ZhenHub’s cloud-based e-commerce platform provides clients with an overview of inventory, orders and shipments globally by cooperating with 18 warehouses worldwide. It helps companies, including manufacturers in mainland cities in the Greater Bay Area, to export their products to overseas markets.
Poon said the Greater Bay Area has plenty to offer entrepreneurs, including an established infrastructure and supportive policies from the HKSAR and mainland authorities.
Hong Kong’s tax regime benefits manufacturers on the mainland, and Hong Kong is a free port that can help many companies, he said, adding that Hong Kong International Airport strengthens reliability with international flights.
Calvin Zhang Jiangang (left), a graduate from the Hong Kong University of Science and Technology, and Richard So Hau-yue, an associate dean of engineering at HKUST, showcase the intelligent hearing aid and related devices they developed. The mainland student and his Hong Kong professor founded Incus, a tech startup that provides brain-inspired noise reduction hearing aids, to commercialize their research outcomes. (PHOTO PROVIDED TO CHINA DAILY)
Jackal Xu Zhenda had thought of setting up his own business for years. It wasn’t until he saw a significant change in Hong Kong’s entrepreneurial environment that he began putting the idea into practice.
“It’s obvious — the environment for startups in Hong Kong has improved considerably since 2019,” said Xu, co-founder and CEO of Zero Dynamic Technology, a health tech startup founded last year to detect and improve teenagers’ posture, and conditions such as scoliosis — a sideways curvature of the spine — through its digital tracking system.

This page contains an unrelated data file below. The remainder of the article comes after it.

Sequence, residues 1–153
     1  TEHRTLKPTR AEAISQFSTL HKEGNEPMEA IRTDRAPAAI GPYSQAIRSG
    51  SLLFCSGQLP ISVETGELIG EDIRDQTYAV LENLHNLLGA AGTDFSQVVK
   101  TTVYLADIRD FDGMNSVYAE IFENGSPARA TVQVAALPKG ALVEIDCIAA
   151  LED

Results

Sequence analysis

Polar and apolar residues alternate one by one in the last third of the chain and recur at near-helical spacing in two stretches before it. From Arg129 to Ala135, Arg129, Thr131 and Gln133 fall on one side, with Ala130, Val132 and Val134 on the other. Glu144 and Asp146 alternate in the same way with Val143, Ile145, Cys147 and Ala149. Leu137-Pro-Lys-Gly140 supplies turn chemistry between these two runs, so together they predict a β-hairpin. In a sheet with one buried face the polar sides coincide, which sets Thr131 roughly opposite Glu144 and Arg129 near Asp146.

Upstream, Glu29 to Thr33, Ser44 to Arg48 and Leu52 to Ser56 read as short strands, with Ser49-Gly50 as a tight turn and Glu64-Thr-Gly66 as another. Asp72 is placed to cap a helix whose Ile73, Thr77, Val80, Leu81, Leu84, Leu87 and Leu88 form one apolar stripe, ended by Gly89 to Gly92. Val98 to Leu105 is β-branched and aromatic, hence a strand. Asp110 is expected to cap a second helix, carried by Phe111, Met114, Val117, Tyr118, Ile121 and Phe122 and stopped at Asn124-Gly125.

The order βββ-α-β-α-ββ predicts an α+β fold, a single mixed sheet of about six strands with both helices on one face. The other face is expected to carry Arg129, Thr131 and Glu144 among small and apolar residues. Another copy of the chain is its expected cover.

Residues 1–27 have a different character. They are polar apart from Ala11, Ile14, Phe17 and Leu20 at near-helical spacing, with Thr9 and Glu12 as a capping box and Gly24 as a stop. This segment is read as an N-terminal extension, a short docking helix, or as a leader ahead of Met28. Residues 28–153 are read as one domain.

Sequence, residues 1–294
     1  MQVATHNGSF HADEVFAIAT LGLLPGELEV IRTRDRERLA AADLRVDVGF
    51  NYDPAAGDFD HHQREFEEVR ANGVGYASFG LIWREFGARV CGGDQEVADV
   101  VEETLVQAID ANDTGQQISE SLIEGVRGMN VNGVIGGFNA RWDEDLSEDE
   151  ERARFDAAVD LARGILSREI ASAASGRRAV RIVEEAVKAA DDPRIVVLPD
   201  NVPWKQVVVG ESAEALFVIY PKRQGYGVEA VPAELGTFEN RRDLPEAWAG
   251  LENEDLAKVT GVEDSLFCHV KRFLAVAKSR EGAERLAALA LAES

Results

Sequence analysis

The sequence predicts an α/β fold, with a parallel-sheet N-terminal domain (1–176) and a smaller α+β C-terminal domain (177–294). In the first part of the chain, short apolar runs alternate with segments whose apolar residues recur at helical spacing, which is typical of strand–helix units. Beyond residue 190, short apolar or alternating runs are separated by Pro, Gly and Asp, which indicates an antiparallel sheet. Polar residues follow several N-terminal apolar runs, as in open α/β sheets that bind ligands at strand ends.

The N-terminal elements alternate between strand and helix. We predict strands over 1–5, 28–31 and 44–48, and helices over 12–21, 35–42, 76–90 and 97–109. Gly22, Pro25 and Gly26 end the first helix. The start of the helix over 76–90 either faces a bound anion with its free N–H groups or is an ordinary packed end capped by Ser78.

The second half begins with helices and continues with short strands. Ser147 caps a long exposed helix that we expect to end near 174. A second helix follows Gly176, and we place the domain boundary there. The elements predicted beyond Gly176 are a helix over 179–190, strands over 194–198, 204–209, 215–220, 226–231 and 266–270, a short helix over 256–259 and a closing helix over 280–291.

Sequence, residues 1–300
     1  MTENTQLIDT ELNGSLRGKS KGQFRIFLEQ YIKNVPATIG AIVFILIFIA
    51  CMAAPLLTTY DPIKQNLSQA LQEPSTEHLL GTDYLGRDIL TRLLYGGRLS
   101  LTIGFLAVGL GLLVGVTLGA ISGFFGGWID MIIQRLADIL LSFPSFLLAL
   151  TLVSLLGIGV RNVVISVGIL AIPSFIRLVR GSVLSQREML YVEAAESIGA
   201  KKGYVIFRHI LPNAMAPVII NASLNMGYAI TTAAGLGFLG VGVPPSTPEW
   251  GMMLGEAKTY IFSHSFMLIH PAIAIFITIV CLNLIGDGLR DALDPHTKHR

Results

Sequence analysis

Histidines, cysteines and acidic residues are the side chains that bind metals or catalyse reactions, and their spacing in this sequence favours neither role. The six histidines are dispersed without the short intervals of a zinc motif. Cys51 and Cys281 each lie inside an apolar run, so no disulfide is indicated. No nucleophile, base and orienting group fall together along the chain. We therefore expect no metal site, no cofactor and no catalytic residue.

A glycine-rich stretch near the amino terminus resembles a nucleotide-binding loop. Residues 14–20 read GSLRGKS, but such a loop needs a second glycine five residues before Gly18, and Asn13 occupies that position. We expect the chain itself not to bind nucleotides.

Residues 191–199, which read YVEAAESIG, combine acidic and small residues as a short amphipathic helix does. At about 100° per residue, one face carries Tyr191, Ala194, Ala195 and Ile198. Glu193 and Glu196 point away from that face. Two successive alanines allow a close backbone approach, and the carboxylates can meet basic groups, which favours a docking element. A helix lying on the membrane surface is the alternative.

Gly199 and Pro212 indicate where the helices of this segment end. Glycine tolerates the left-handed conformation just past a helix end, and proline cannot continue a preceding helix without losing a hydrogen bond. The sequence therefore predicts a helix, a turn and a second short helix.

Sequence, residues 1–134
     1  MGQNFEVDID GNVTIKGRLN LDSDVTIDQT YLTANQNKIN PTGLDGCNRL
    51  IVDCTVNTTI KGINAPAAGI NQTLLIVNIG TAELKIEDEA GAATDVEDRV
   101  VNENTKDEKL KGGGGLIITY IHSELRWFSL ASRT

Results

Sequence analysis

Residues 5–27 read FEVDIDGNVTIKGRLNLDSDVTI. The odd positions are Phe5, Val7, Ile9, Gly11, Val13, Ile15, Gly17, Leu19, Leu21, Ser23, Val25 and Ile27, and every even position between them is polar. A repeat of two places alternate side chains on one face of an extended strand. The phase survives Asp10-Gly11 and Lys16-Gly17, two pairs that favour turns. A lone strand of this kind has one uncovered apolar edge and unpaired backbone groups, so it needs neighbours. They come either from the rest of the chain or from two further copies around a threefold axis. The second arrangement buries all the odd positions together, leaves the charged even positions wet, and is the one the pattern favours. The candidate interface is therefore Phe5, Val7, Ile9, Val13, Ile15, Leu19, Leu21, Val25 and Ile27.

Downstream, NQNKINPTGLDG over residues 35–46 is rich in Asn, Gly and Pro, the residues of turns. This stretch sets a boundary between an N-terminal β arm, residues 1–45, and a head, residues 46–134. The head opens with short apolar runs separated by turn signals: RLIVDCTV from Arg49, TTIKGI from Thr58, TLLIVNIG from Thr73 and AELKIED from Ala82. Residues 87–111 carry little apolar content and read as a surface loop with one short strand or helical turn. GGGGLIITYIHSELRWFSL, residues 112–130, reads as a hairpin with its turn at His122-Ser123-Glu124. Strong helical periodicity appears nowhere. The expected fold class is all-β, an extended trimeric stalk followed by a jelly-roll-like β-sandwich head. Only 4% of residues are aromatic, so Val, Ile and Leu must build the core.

Xu studied electronic science and technology both in Hong Kong and on the mainland. He’s currently a doctorate student in computing at the Hong Kong Polytechnic University. “I had been planning to start the business since 2019, but Hong Kong’s environment for startups was relatively conservative at that time. Many people were reluctant to go into business and unwilling to take the risk,” he said.
However, the business environment has changed remarkably since then as the HKSAR government introduced various measures and allocated large capital and resources to create a favorable climate for startups.
Hong Kong and mainland students teaming up in business will create a complementary effect as they excel in different aspects, said Xu. “Many mainland students are strong in engineering, while Hong Kong students are full of ideas. Combining them will create good products.”
Rex Ma Chun-hung, co-founder and chief operating officer of the company, began his entrepreneurial journey while studying business administration at the Chinese University of Hong Kong. “I noted the Cyberport GBA Young Entrepreneurship Program and I wanted to make some friends and explore good business opportunities. It was there that we (Xu and I) first met. For a young business project, we need venture capital to turn the idea into a product. Cyberport helped with it. I think it’s very accommodating,” said Ma.